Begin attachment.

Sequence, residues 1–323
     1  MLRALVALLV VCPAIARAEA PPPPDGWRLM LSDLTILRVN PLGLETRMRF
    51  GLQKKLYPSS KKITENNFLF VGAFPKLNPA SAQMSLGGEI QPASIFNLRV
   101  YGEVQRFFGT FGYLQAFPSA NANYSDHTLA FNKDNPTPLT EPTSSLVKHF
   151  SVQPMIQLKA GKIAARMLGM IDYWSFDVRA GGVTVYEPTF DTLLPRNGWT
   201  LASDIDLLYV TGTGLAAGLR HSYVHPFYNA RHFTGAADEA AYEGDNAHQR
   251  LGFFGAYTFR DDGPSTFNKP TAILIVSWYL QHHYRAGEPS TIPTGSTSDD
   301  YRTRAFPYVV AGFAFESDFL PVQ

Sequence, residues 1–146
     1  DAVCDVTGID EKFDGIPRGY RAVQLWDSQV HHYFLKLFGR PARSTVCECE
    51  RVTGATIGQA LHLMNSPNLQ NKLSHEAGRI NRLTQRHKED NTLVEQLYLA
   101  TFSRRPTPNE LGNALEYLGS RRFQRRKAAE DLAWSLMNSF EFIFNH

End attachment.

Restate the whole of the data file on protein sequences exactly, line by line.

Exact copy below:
Sequence, residues 1–323
     1  MLRALVALLV VCPAIARAEA PPPPDGWRLM LSDLTILRVN PLGLETRMRF
    51  GLQKKLYPSS KKITENNFLF VGAFPKLNPA SAQMSLGGEI QPASIFNLRV
   101  YGEVQRFFGT FGYLQAFPSA NANYSDHTLA FNKDNPTPLT EPTSSLVKHF
   151  SVQPMIQLKA GKIAARMLGM IDYWSFDVRA GGVTVYEPTF DTLLPRNGWT
   201  LASDIDLLYV TGTGLAAGLR HSYVHPFYNA RHFTGAADEA AYEGDNAHQR
   251  LGFFGAYTFR DDGPSTFNKP TAILIVSWYL QHHYRAGEPS TIPTGSTSDD
   301  YRTRAFPYVV AGFAFESDFL PVQ

Sequence, residues 1–146
     1  DAVCDVTGID EKFDGIPRGY RAVQLWDSQV HHYFLKLFGR PARSTVCECE
    51  RVTGATIGQA LHLMNSPNLQ NKLSHEAGRI NRLTQRHKED NTLVEQLYLA
   101  TFSRRPTPNE LGNALEYLGS RRFQRRKAAE DLAWSLMNSF EFIFNH